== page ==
Purpose: To describe the baseline characteristics and status of patients enrolled in the Collaborative Ocular Melanoma Study (COMS) randomized clinical trial of pre-enucleation radiation of large choroidal melanoma conducted in the United States and Canada, and to compare characteristics of patients enrolled with those of patients with tumors of eligible size who were not enrolled in order to assess the generalizability of findings from the clinical trial.
Methods: For all patients evaluated for the clinical trial at COMS centers from November 1986 through December 15, 1994, selected data were transmitted to the COMS Coordinating Center. For patients who enrolled in the clinical trial, ophthalmic and medical history, examination findings, and visual acuity measurements were recorded prior to enrollment. Standardized A-scan and contact B-scan echographic examinations were performed prior to enrollment, and photoechograms were submitted for central review for consistency with the diagnosis, independent measurement of the apical height of the tumor, and description of tumor configuration and internal reflectivity for each patient enrolled. Until January 1992, wide-angle fundus photographs and fluorescein angiograms taken prior to enrollment also were submitted for central review to confirm consistency with the diagnosis. All data were integrated and analyzed at the COMS Coordinating Center.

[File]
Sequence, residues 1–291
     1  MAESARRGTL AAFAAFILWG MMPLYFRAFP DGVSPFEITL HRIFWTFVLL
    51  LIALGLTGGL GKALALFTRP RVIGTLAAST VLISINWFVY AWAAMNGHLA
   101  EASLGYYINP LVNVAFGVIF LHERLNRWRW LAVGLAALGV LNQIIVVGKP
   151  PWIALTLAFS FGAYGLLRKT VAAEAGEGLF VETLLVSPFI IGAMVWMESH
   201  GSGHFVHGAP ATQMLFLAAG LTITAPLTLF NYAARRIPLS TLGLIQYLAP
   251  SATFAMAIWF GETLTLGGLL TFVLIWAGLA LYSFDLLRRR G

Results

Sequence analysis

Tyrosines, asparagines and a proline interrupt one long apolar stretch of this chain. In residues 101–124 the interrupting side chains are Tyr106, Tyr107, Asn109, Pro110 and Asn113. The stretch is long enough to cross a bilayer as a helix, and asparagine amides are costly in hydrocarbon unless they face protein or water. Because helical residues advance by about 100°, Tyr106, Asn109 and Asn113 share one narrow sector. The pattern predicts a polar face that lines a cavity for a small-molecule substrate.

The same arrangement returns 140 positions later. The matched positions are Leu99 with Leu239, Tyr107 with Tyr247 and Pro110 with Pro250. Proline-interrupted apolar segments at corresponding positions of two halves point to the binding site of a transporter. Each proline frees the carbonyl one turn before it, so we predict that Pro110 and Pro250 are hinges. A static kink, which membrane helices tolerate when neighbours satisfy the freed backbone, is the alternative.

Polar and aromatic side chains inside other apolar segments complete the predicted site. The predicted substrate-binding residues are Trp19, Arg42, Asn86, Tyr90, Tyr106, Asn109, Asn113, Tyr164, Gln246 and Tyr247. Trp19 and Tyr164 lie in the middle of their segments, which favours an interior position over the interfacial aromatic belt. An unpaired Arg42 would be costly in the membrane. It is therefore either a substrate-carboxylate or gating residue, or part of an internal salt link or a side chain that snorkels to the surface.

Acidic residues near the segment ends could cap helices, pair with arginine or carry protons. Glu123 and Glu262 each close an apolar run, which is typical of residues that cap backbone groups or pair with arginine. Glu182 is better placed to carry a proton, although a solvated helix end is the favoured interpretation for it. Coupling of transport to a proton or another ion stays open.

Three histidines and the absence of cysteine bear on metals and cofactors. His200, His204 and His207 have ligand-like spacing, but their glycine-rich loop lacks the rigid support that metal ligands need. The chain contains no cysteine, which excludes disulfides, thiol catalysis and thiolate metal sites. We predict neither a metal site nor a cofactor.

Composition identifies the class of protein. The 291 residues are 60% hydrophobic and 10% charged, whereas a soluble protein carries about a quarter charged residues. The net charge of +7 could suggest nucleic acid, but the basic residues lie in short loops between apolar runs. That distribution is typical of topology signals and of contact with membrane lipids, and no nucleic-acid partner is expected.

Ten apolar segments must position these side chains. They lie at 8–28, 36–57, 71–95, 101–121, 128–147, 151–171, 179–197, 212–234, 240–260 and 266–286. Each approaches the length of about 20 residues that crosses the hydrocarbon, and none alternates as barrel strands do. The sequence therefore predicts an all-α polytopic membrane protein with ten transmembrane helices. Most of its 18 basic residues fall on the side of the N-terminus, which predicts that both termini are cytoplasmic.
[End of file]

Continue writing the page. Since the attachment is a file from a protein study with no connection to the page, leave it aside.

Results: Of 6,078 patients with choroidal melanoma evaluated in COMS centers, 1,860 had tumors of eligible size; of these, 1,302 (70%) were eligible for the clinical trial, and 1,003 (77% of eligible patients) enrolled. The two principal reasons for ineligibility were other primary cancer and predominantly ciliary body melanoma. Ineligible patients were older than eligible patients, had larger choroidal melanoma, and had poorer visual acuity at the time of evaluation for the COMS (P < .01, Wilcoxon rank sum tests). Patients eligible for the clinical trial had a mean age of 60 years; 56% were male; almost all (97%) were non-Hispanic whites. Among eligible patients, mean tumor apical height was 9.5 mm and mean longest basal diameter was 17.2 mm. Eligible patients who enrolled in the trial were similar to eligible patients who did not enroll with respect to most factors considered. Those who enrolled had longer tumor basal diameter and better visual acuity in the fellow eye, more often had their primary residence in Canada, and less often had education beyond high school than did eligible patients who did not enroll (P < .05, Wilcoxon rank sum tests and chi2 tests, respectively).
Conclusions: The COMS clinical trial of pre-enucleation radiation was designed to yield internally valid treatment comparisons through random treatment assignment at time of enrollment. Findings also have high external validity because a majority (54%) of all patients with tumors of eligible size, and a large majority (77%) of all eligible patients, were enrolled. Furthermore, patient characteristics are similar to those of patients included in other evaluations of this method of treating large choroidal melanoma. Thus, findings from this clinical trial apply to all patients who have large choroidal melanoma and satisfy COMS eligibility criteria.